Pope Francis to Highlight Christian Unity in Holy Land
JERUSALEM, Israel -- A historic trip is underway for the leader of the world's more than 1 billion Catholics. Pope Francis is making his first visit to the Holy Land.
At the end of an open-air Mass in the biblical town of Bethlehem on Sunday, the Pope invited the Israeli and Palestinian leaders to the Vatican to pray for peace next month.
The offices of the Israeli and Palestinian presidents are confirming that they have accepted the invitation to visit together.
On the first stop of his three-day tour of the region, the Pope visited Jordan Saturday. He praised Jordan for the "serene coexistence" enjoyed by Christians and Muslims there, and called for greater protections for minority Christians across the region.
Since becoming Pope, Francis has set a new tone for openness. From selfies to clown noses, one report says he's taken the papacy out of the palace and to the streets.
"I think he has taken the world by surprise because he's been so direct, so unapologetic," Rev. David Neuhaus, Vatican media coordinator, said.
"He is full of joy. He seems to love God and all of God's creatures," he added.
Pope Francis will bring that openness to Jerusalem on May 25-26. It's the third papal visit to the Holy Land since the year 2000, following stops by Pope John Paul II and Pope Benedict.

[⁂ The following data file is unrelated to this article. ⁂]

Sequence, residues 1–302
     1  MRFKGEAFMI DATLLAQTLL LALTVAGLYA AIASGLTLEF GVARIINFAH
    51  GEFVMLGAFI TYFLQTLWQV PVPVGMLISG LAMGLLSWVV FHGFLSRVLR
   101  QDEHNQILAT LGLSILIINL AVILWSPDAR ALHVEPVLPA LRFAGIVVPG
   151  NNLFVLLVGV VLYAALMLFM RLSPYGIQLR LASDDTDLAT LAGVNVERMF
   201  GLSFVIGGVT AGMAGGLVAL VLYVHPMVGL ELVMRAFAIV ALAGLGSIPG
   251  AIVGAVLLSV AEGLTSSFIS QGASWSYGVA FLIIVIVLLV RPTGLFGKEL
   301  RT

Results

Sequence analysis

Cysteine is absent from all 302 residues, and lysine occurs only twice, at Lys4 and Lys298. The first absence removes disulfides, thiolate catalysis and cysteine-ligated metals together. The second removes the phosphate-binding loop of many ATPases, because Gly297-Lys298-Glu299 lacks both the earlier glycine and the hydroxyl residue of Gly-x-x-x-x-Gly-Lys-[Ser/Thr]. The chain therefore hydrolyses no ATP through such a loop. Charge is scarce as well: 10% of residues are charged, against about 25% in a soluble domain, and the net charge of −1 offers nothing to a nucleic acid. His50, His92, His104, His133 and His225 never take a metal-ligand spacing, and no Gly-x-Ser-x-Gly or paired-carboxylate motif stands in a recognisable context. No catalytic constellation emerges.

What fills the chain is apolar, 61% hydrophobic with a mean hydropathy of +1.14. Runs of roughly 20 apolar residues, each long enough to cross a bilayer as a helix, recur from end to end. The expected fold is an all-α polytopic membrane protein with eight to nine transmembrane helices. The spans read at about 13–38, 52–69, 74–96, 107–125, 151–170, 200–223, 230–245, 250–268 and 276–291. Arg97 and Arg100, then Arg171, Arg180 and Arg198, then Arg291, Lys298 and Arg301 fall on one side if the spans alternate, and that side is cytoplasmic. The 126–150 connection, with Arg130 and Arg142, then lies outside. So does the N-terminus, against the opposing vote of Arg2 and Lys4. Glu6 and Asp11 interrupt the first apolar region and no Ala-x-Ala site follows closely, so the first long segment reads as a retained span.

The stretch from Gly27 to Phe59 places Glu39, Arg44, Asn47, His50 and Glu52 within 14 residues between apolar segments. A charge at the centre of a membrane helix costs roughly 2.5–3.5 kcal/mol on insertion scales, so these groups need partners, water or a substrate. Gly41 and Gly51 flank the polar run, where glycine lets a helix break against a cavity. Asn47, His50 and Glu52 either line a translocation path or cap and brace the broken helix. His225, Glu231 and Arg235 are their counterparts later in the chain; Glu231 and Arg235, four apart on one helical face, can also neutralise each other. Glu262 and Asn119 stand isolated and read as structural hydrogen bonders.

Watch Pope Francis in the Holy Land LIVE below, beginning Monday @ 8:15 a.m. from Jerusalem (1:15 a.m. ET.)
The main theme of Pope Francis' trip will be Christian unity, and the major event will be a meeting with Bartholomew, the patriarch of the Greek Orthodox Church. The meeting is meant to send a message:
"That our future is really to be united as Christians. We all stand in front of that empty tomb and we all affirm that He is risen. And from that joint witness we should now work harder and harder toward what Jesus Himself wanted and that is that we be one," Rev. Neuhaus said.
Some Jewish leaders say the visit builds on the growing relationships between the Jewish people and the Vatican.
"The last three popes have been unqualified friends of the Jewish people. Now we have a pope who as a cardinal was known to have had such close relationships with the Jewish community in Buenos Aires," Rabbi David Rosen, director of Inter-Religious Relations for the American Jewish Committee, said.
"There's never ever been a pope who's had such intimate experience with the Jewish community," he continued.
Pope Francis will also visit the Western Wall and the Yad Vashem Holocaust Memorial and will meet with Israel's president and prime minister.
With persecution of Christians throughout the Middle East on the rise, Israel wants to send its own message.
"Christians are welcome in Israel, either as visitors, as pilgrims, as friends, as residents, of course as full citizens of this country," Foreign Ministry spokesman Yigal Palmor said.
"And through this welcome message we would like to emphasize the values of tolerance, of understanding, and of dialogue," he added.
Pope Francis won't be in the Holy Land long, but many hope the good generated lasts a long time.
"I think what he'd like to accomplish is that the Catholic church and the whole of the Christian world is an element in this part of the world that really preaches the Gospel of Good News," Rev. Neuhaus said.